D. Respondent’s Additional Submission adds the following:
1. Respondent urges that his lack of intent to sell the <netbooks.biz> domain name is supported by the existence of his <netspider.biz> domain name, which he registered with a long-term intent to own the domain.
2. Respondent admits that he has registered a number of domain names with “net” at the beginning of the name but not for bad faith reasons.
Complainant showed rights in the NETBOOKS mark that began with registration with the United States Patent and Trademark Office (“USPTO”) (Reg. No. 2,064,629 issued May 27, 1997).
The disputed domain name that Respondent registered, <netbooks.biz>, is identical to Complainant’s NETBOOKS mark because the addition of a generic top-level domain (“gTLD”) to an otherwise identical mark does not distinguish a domain name from a mark for purposes of Policy ¶ 4(a)(i).
Respondent registered the <netbooks.biz> domain name April 9, 2006.
Complainant’s trademark rights date back to the date of application, November 20, 1995. Complainant showed a first use in commerce date of September 30, 1995.
Paragraph 15(a) of the Rules for Uniform Domain Name Dispute Resolution Policy (the “Rules”) instructs this Panel to “decide a complaint on the basis of the statements and documents submitted in accordance with the Policy, these Rules and any rules and principles of law that it deems applicable.”
Paragraph 4(a) of the Policy requires that Complainant to prove each of the following three elements to obtain an order that a domain name should be cancelled or transferred:
(1) the domain name registered by the Respondent is identical or confusingly similar to a trademark or service mark in which the Complainant has rights;
(2) Respondent has no rights or legitimate interests in respect of the domain name; and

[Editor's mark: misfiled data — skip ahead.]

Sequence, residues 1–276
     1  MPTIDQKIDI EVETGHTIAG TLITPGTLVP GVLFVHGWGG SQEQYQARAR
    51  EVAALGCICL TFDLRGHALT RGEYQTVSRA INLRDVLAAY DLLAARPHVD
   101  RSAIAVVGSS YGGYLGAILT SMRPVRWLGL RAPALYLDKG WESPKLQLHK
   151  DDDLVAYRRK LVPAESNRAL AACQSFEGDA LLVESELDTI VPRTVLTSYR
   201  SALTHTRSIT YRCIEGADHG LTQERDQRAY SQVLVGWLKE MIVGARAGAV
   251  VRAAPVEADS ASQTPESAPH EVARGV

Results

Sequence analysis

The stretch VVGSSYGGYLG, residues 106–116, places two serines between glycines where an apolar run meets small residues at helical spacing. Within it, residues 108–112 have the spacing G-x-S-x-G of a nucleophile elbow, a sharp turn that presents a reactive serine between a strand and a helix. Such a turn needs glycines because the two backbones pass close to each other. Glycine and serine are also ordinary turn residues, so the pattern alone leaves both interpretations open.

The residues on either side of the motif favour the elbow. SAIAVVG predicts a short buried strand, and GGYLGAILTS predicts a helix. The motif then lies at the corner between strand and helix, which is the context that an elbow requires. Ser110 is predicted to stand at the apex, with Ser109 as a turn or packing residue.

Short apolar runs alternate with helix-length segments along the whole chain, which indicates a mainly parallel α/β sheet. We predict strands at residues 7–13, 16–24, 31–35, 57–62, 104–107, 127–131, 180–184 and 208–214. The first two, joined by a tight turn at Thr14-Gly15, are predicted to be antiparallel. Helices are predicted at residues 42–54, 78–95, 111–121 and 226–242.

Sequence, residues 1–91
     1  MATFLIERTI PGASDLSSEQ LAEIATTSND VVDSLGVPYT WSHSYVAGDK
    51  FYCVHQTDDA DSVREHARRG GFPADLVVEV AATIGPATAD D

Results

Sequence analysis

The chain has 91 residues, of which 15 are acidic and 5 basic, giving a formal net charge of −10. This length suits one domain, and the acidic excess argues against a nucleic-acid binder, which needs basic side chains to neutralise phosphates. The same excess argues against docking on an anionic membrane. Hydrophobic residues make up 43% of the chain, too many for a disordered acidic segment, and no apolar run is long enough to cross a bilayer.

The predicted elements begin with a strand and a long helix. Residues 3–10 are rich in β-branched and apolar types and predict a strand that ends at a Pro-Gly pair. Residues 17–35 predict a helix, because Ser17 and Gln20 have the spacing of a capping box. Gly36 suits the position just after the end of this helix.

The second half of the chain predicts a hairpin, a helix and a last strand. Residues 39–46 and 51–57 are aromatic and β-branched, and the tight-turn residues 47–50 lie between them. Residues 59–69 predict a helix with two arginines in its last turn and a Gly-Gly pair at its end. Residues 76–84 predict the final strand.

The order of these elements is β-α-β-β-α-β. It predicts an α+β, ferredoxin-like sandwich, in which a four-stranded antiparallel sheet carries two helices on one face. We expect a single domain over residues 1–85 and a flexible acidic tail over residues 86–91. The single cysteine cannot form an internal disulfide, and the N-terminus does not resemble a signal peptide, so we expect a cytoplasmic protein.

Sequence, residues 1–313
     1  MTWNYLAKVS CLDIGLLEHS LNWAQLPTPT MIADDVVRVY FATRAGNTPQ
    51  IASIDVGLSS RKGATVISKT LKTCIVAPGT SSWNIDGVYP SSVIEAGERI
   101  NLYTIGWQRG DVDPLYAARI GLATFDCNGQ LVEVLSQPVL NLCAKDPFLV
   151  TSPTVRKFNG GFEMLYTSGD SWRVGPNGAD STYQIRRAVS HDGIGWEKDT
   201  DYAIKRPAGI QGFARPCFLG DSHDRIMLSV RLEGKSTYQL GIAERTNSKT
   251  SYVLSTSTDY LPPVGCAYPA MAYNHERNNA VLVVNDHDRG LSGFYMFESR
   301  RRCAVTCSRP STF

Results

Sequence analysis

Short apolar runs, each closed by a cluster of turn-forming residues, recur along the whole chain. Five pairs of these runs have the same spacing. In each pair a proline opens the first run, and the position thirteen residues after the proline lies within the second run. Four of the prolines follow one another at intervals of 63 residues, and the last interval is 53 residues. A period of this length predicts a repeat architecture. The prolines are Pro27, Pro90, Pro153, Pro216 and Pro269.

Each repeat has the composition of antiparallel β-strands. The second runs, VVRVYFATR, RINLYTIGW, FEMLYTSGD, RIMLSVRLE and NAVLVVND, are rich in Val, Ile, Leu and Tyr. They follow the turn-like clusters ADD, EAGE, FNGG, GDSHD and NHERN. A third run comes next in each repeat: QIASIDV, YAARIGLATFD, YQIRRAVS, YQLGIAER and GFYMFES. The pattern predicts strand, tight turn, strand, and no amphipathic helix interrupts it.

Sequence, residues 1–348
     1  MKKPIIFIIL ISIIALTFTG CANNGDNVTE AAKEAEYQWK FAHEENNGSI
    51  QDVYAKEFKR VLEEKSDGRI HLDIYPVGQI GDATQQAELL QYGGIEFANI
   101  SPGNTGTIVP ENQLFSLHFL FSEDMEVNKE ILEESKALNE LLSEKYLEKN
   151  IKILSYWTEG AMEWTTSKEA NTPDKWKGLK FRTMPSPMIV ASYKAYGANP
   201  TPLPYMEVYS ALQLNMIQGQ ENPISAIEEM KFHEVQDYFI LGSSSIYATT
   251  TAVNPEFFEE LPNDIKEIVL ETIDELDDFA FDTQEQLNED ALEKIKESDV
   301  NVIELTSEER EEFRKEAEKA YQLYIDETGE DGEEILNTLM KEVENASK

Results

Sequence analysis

(3) the domain name has been registered and is being used in bad faith.
The Panel notes that although Respondent’s electronic submission was received in a timely manner, Respondent did not submit a hard copy as required by ICANN Rule 5. Therefore the Panel exercised its discretion to review the Response with a view toward determining if substantive evidence in the Response required that weight be given to the Response in the interest of promoting substance over procedure. See Telstra Corp. v. Chu, D2000-0423 (WIPO June 21, 2000) (finding that any weight to be given to the lateness of the response is solely in the discretion of the panelist). The Panel reviewed the response. See Bd. of Governors of the Univ. of Alberta v. Katz, D2000-0378 (WIPO June 22, 2000) (finding that a panel may consider a response which was one day late, and received before a panelist was appointed and any consideration made); see also Gaiam, Inc. v. Nielsen, FA 112469 (Nat. Arb. Forum July 2, 2002) (“In the interest of having claims decided on the merits and not by default and because Complainant has not been prejudiced in the presentation of its case by the late submission, Respondent’s opposition documents are accepted as timely.”). But see S. Exposure v. S. Exposure, Inc., FA 94864 (Nat. Arb. Forum July 18, 2000) (without an adequate timely filed response, all reasonable inferences of fact in the allegations of the complaint will be taken as true); see also Bank of Am. Corp. v. NW Free Cmty. Access, FA 180704 (Nat. Arb. Forum Sept. 30, 2003) (refusing to accept Respondent’s deficient Response that was only submitted in electronic form because it would not have affected the outcome had the Panel considered it). The Panel finds that nothing in the Response would have required a different result from that reached by the Panel in this case.